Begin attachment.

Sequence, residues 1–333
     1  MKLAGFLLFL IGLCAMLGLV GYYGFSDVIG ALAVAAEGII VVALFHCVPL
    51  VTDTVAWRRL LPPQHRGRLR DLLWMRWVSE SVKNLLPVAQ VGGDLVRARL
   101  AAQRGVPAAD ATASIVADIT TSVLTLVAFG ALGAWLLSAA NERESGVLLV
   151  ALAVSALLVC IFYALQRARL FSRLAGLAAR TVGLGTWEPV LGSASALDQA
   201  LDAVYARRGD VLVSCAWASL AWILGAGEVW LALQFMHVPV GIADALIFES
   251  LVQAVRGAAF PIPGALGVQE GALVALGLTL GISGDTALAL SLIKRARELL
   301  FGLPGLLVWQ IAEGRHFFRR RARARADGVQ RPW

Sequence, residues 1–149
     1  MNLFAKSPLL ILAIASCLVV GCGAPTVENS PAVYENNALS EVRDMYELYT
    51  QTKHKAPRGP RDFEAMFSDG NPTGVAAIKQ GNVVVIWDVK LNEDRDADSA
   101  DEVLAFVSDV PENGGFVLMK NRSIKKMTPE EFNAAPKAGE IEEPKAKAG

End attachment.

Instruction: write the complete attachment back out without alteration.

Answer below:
Sequence, residues 1–333
     1  MKLAGFLLFL IGLCAMLGLV GYYGFSDVIG ALAVAAEGII VVALFHCVPL
    51  VTDTVAWRRL LPPQHRGRLR DLLWMRWVSE SVKNLLPVAQ VGGDLVRARL
   101  AAQRGVPAAD ATASIVADIT TSVLTLVAFG ALGAWLLSAA NERESGVLLV
   151  ALAVSALLVC IFYALQRARL FSRLAGLAAR TVGLGTWEPV LGSASALDQA
   201  LDAVYARRGD VLVSCAWASL AWILGAGEVW LALQFMHVPV GIADALIFES
   251  LVQAVRGAAF PIPGALGVQE GALVALGLTL GISGDTALAL SLIKRARELL
   301  FGLPGLLVWQ IAEGRHFFRR RARARADGVQ RPW

Sequence, residues 1–149
     1  MNLFAKSPLL ILAIASCLVV GCGAPTVENS PAVYENNALS EVRDMYELYT
    51  QTKHKAPRGP RDFEAMFSDG NPTGVAAIKQ GNVVVIWDVK LNEDRDADSA
   101  DEVLAFVSDV PENGGFVLMK NRSIKKMTPE EFNAAPKAGE IEEPKAKAG